The first distribution pipe 53 supplies two circular filtering solution distribution pipes 54 and 55 collateral to and concentric with, the cylindrical screen walls, and perpendicular to the linear axis of the froth generator 44. The first circular filtering solution distribution pipe 54 is located at the top of the froth generator 44 and positioned concentric with, and collateral to the end of the contaminated air duct 45. The second circular distribution pipe 55 is located at the interface of the froth generator 44 and the surface of a flowing stream 46a of filtering solution 46, and positioned concentric with, and collateral to, the end of the contaminated air duct 45. The circular filtering solution distribution pipes 54 and 55 each have eight filtering-solution spray nozzles 56 (FIG. 9) positioned to spray a cone-shaped pattern 57 of filtering solution droplets across the air stream (only two droplet patterns are illustrated from each distribution pipe 54 and 55 for clarity) onto the internal froth generator wall 180° from the position of the spray nozzle 56. The filtering solution spray nozzles 56 in the distribution pipe 54 near the top of the froth generator 44 spray at a downward angle onto the internal wall on the opposite side of the froth generator 44. The spray nozzles 56 in the distribution pipe 55 at the bottom of the froth generator 44 spray at an upward angle onto the internal wall on the opposite side froth generator 44.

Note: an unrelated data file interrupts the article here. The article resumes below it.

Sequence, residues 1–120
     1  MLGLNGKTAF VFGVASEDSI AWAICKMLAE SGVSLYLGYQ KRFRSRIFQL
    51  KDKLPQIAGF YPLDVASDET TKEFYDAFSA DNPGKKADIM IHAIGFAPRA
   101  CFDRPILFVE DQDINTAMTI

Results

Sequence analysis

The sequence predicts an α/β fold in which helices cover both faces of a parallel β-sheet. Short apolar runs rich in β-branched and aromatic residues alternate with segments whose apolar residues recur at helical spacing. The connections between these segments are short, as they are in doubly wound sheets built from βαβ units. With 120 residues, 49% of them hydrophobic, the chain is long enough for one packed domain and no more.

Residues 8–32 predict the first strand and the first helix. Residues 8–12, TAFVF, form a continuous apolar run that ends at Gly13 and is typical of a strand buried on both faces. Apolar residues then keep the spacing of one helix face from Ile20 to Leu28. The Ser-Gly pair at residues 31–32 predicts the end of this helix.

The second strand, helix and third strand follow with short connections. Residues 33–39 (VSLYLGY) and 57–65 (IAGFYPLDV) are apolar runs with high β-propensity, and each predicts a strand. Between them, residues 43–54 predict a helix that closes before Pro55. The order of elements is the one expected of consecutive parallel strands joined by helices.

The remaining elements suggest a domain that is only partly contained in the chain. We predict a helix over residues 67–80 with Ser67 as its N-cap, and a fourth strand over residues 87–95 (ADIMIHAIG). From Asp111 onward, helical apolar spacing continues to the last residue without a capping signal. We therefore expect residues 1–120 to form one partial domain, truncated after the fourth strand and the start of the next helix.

The contaminated air stream 199 flows through the openings in the saturated mesh panels 66a-66d, separated by spacers 67a-67c forming bubbles that encapsulate a portion of the air stream in each bubble. Collectively the production of bubbles produces an aqueous froth that encapsulates the contaminated air stream. Bursting bubbles introduce super-and-sub-micrometer droplets into the air stream. Bubbles are reformed three times as the froth progresses through the four saturated mesh assemblies, encapsulating the contaminated air, filtering solution micro-droplets, and filtering solution vapor inside the bubbles of the froth.